She'll wear black with a crisp white apron pinned to her bodice and a little cap on her head. A Downton Abbey maid; an Upstairs Downstairs maid; a Victorian or Edwardian maid. And for Victorian era maids, this is an accurate picture.
The maid would buy her own clothing, with the type and style stipulated by the mistress.
A housemaid's dress is of some importance. When engaged in her morning work, washable materials are the best; a wide holland apron should always be worn over [an apron] of white material whenever house-cleaning is going on. If the servant be required to appear at the front door, or wait upon the family whilst at dirty work, by casting aside the outer apron she is able to appear at a moment's notice in a presentable manner. For afternoon wear in the winter, very dark or black French twill dresses are suitable, inexpensive, and easily washed. In the summer light cotton materials look best. At all seasons a neat white crochet cap is the best head-gear.
Cassells Household Guide, c.1880s
Where heavy work was required, the maid would try to get that done in the morning and change to better and cleaner clothing after the worst of it. This is not just for neatness sake. The maid is representing the household.
If the parlour-maid answers the door, she should be neatly attired, and ready at a moment's notice to present herself creditably before strangers. A servant of good address at a professional man's door, is as much a matter of personal recommendation of the employer as the situation of his residence. Some amount of forethought on the part of the mistress is necessary to ensure cleanly appearance in a door-servant; but the attempt is worth making, if only for the sake of favourable first impressions on the part of strangers.
Cassells Household Guide
One purpose of the Victorian maid's clothing is to establish her position in the social hierarchy. The servant's clothing is this era is a sort of uniform that show she is a servant. How embarrassing for all concerned if she were unmistaken for a lady of the house or a guest.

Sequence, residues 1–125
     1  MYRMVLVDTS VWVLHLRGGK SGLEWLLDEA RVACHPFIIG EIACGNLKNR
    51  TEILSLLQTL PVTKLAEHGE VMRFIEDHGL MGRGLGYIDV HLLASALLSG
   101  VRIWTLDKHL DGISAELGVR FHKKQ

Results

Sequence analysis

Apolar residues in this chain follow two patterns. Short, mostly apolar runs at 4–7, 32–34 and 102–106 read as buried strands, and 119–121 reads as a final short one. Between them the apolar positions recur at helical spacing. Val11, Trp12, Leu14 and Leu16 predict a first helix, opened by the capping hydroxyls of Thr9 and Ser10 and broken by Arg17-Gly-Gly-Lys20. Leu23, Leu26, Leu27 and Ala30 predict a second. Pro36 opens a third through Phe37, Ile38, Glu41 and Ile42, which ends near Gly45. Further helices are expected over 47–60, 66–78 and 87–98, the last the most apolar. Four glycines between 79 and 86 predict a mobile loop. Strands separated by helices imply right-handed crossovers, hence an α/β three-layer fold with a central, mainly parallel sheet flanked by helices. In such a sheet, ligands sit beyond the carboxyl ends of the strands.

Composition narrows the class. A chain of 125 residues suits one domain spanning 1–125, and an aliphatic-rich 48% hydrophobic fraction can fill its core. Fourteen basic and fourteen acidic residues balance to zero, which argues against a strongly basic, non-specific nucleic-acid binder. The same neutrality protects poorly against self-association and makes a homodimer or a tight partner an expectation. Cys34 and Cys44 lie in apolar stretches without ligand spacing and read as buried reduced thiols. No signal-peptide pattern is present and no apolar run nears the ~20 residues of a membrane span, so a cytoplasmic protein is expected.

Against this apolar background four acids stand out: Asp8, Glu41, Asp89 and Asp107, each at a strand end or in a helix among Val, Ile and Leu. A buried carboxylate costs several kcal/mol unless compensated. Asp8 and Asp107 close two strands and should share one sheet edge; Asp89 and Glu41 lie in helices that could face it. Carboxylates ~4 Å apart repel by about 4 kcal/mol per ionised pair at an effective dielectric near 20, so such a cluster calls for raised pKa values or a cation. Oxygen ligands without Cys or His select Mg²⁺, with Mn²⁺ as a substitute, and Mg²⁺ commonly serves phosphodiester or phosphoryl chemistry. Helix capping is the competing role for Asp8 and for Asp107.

Thus the lady's maid, even when she has the perquisite of cast-off dresses, would not wear them going about her duties. If she wears them on her day off, she'd best nip out of the house smart and not be seen. "As a general rule, ladies do not like to see their maids dressed in the clothes they themselves have worn – except in wearing a black or a dark-coloured silk – the difference in the social scale of mistress and maid renders this unpleasing." Cassells Household Guide
Taking just a moment to talk about the nanny's clothing.
This is more likely to be light colored and easily washable, with black saved for 'best' when she brought the children out to meet guests and the family after dinner.
The dress of a nurse needs some words of comment. Long skirts should not be worn, tripping little children up, as they are liable to do. Gowns made of washable materials are most suitable. These are easily cleansed if soiled by nursery duties, and cost but little to renew. A waterproof apron worn under the ordinary white apron will be found a great comfort to a nurse, and might be supplied with advantage at the cost of the employer. Every nurse should also be furnished with a long, loose, warm wrapper, made like a dressing-gown, for night wear, when her duties require her to rise from her bed to take a baby to and from the mother's room. This garment should be purchased by the mistress, and kept for the use of any nurse who may succeed to the situation.
Cassells Household Guide
But what about the Regency?
Moving a couple generations back in time and looking at the clothing of a Georgian or Regency maidservant, we discover an entirely different situation. In 1760 or 1800, a maidservant wore essentially the same clothing as others of her class. She wasn't required to buy special clothing to suit her job.
Perhaps the maid dressed better than her cousins back home because she might have access to her mistress' castoffs. Contemporary journals and letters complain of maids wearing clothing unsuitable to their station and their work. But whether the maid wore her lady's silks to sashay about the parlor, dusting, or saved it for her day off, or thriftily sold it to the used clothing dealer, it must have presented a continual temptation to finery.
There was no distinctive 'uniform' required for the Regency maid. No necessity for drab and black. No regimentation. When the maidservant opened the door to the Regency hero she was as likely to be wearing flowered muslin as black serge.
What about you? Have you ever had to wear a uniform? Was it good, reasonable, proper to wear one … or just a pain in the neck?
Did it make you feel differently?
Do you treat people differently because they're wearing a uniform?
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